Maybe they just went with the more widely known "Grizzly" for a name when doing the article.



posted on Oct, 30 2009 @ 11:56 AM
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reply to post by Frogs
 


Polar bear plus grizzly equals..panda bear!


Just kidding. Interesing find. but actually, it looks like a lighter grizzly bear or darker polar bear. Kind of anti climatic. *laughs* Darn it, I want swirls.



posted on Oct, 30 2009 @ 12:11 PM
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Well - that's good point. I'll admit it would more sensational if the cross produced something to the bear world that the liger is to the big cat world.

But, this bear seems very much a blend of the two. Size is between a polar and brown / grizzly as is the apperance. Longer neck than a brown, but not as long as polar. It has a shoulder hump, but not as large a one as a brown, etc.

Thus far, behavior seems closer to a polar than brown/grizzly. The article did state that the make-up of the fur is unique to the hybrid though.

As others have stated I'm thinking that in the wild this might be a very "adaptable" bear. One able to live in a varity of climates. Also, as others have suggested probably not one you'd want to meet on the trail.





[edit on 30-10-2009 by Frogs]



posted on Oct, 30 2009 @ 02:17 PM
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I have also wondered if this is just a natural survival mechanism.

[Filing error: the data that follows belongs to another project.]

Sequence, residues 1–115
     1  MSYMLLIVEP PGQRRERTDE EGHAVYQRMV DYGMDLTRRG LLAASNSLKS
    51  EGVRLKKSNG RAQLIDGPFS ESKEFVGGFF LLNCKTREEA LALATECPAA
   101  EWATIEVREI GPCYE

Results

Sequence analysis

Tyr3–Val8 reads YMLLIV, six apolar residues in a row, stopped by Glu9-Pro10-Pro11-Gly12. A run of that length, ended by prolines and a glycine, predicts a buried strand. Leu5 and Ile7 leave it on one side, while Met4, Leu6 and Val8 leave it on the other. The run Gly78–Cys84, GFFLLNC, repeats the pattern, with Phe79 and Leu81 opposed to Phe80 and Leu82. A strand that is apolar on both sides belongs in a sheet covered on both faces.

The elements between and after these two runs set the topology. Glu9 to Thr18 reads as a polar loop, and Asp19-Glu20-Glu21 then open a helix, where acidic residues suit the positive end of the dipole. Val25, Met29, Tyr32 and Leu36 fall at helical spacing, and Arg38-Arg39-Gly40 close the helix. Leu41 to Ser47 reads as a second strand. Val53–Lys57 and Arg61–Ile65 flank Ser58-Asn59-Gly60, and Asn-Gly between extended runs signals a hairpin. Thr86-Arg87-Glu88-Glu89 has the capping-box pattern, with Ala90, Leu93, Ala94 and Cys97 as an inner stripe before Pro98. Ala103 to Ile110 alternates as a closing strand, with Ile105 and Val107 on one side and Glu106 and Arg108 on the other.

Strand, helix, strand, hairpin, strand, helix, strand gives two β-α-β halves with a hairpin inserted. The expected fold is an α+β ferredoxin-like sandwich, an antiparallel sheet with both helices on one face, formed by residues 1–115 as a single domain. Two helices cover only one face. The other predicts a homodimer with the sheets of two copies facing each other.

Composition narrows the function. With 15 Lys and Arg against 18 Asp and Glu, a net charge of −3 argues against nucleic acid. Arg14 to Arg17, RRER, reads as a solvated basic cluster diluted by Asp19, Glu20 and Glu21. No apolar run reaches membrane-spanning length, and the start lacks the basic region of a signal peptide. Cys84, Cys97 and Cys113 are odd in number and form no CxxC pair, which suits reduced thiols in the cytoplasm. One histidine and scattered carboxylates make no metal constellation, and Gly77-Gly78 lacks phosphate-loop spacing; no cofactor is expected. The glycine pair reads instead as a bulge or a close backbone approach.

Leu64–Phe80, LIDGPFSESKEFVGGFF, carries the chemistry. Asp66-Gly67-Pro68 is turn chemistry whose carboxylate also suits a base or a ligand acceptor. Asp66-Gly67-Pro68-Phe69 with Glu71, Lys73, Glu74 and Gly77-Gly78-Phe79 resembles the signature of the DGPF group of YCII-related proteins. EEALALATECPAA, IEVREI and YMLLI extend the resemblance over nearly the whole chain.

If the Arctic is getting warmer and the caps are melting then a polar bear would naturally have to keep its species going.
It almost makes sense to breed with a more southern species to adapt and survive.
I could be wrong but its something I have been wondering about,I do alot of stuff alone in the woods and bears are always a concern....one of these bears is a big concern.



posted on Nov, 18 2009 @ 09:37 AM
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In theory yeah big man eating bear, but has anyone ever seen the Ligers?

Cross between tiger and Lion, these hybrids grow absolutely huge





But are said to be docile and not to be able to survive in the wild due to their size.




A liger looks like a giant lion with muted stripes but like thier tiger ancestors, ligers like swimming. This goes against the nature of a lion but is what makes creature special. It gets the best of both parents. That is not always the case though with crossbreeds. Sometimes the results go the other way and the animal gets theworst of both parents

www.liger.org...

en.wikipedia.org...

It's a nice thought to get the best of 2 species but DNA is not for us to mess with, though i cannot explain natural occurences with the bears but i know a tiger and a lion would not mate in the wild due to habitats etc.. this only happens in captivity.



posted on Nov, 18 2009 @ 12:04 PM
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This is really, really cool. This is an awesome evolutionary process happening right now, especially since the habitat of the polar bear is being so depleted. I'm pretty sure both of these species have 74 chromosomes. Perhaps the offspring that are hybrid will be fertile, such as in some canine species.

And you know what that would do? It would rock.

Because it could mean that the genetic lineage of the polar bear will not completely disappear when they go extinct.

And that would also rock.



posted on Nov, 18 2009 @ 12:20 PM
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One really B-I-G Bear, that probably would hunt down a human just because it is hungry. I don't even want to imagine.